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The Rietberg Museum is devoted to art from outside Europe. It is housed in three buildings, two of which are up on a hill called the Rietberg.
The first is the Villa Wesendonk, with collections of art from China, Tibet, Japan, India and Southeast Asia. Also there are exhibits of African art (shown here).
They are currently building a new addition to the museum, which will evidently be mainly underground so as not to impinge on the historic appearance of the villa.
A short ways down the hill is the Park-Villa Rieter, which has a lecture and concert hall, and collections of Indian, Chinese and Japanese painting and graphic art, as well as masks from the Japanese "No" theater.
(As I mentioned on the intro page, this museum has nothing to do with the composer Richard Wagner, despite the historical connections.)
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Museum Rietberg/Villa Wesendonck
This site is highly recommended to visit for several reasons. Firstly, the museum Rietberg has a first-class collection of works of art from India, Tibet, Latin America and islands in the Pacific. The exhibit is to see in three buildings: Villa Wesendonck and the (underground) linked new building where the main entrance is and which is built 12 m into the underground, and in the Parkvilla Rieter. From time to time they also have spectacular special exhibits, see website for info.
Opening hours: Wed/Thur 10 -20 h, Tue, Fri-Sun 10-17 h
Admission fee: CHF 12, CHF 16 incl. special exhibits. Free with Zürich Card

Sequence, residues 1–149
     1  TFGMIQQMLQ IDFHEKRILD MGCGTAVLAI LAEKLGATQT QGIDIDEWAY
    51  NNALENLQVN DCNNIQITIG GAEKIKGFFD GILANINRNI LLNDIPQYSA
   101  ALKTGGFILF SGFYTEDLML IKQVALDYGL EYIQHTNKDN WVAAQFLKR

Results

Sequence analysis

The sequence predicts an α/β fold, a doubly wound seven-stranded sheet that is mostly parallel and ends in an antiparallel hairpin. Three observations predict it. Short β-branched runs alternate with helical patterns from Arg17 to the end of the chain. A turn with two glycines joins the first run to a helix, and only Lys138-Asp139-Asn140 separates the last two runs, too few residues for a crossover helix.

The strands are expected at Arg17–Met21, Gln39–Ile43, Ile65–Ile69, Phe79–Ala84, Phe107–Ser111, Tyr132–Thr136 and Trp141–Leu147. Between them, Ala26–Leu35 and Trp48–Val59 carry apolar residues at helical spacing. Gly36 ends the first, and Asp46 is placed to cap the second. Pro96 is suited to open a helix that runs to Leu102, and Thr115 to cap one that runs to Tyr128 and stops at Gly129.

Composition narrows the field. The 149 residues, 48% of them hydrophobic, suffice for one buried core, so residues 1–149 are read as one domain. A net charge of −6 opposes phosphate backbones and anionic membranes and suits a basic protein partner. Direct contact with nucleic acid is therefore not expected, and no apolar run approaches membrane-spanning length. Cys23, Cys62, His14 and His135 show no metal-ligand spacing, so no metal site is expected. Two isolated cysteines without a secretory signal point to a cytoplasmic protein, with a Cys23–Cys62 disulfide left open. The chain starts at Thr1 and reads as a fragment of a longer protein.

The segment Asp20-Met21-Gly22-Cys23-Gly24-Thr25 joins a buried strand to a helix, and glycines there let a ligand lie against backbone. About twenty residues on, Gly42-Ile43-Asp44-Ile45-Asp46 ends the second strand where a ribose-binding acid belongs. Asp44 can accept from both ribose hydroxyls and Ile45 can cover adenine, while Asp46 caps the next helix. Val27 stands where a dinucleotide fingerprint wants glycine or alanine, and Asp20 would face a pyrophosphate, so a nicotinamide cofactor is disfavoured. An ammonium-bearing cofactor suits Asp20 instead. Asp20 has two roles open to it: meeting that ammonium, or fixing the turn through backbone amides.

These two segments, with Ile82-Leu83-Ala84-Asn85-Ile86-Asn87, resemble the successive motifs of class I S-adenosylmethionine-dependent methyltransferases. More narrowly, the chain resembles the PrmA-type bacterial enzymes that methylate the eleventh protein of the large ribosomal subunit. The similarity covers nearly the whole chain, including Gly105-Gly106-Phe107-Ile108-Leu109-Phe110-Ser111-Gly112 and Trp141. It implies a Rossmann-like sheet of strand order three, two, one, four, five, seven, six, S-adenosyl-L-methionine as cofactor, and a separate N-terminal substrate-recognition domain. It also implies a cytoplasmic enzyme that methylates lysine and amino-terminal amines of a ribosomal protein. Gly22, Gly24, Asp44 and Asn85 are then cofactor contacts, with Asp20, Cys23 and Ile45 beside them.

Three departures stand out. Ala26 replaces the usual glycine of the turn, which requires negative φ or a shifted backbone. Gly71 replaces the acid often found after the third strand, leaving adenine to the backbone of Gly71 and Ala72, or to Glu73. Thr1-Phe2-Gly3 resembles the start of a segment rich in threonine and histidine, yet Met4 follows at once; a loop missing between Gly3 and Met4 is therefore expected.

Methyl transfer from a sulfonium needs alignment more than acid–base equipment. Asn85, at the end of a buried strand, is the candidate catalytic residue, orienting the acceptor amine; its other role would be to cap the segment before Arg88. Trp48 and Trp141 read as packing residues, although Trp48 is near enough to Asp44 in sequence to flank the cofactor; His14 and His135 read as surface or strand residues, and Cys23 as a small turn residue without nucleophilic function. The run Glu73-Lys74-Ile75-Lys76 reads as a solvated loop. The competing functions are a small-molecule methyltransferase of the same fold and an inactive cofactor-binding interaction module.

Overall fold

The second reason to visit is that it is an important place for history of classical music: The villa Wesendonck was built 1857 by Leonhard Zeugheer for Otto and Mathilde Wesendonck. They had met Richard Wagner in 1852 in Zürich and Otto Wesendonck graciously supported him so he could live and work in Zürich. The last years in Zürich until 1858 Wagner lived in a small timber-framed house next to the Villa. A close relationship grew between him and Mathilde Wesendonck which inspired him for his opera "Tristan und Isolde". He also set some of Mathilde's poems to music - the so called "Wesendonck songs". Wagner's wife finally provoked an eclat and Wagner had to leave Zürich for Venice where he finished "Tristan und Isolde".
The third reason is the wonderful park - it is an (almost) originally preserved English style park from the 19th century where the locals go to escape the bustle of the city. Bring a blanket and picnic, relax and - maybe - listen to some of Wagner's music from your mp3 player (I did). Or read a book, take a nap.
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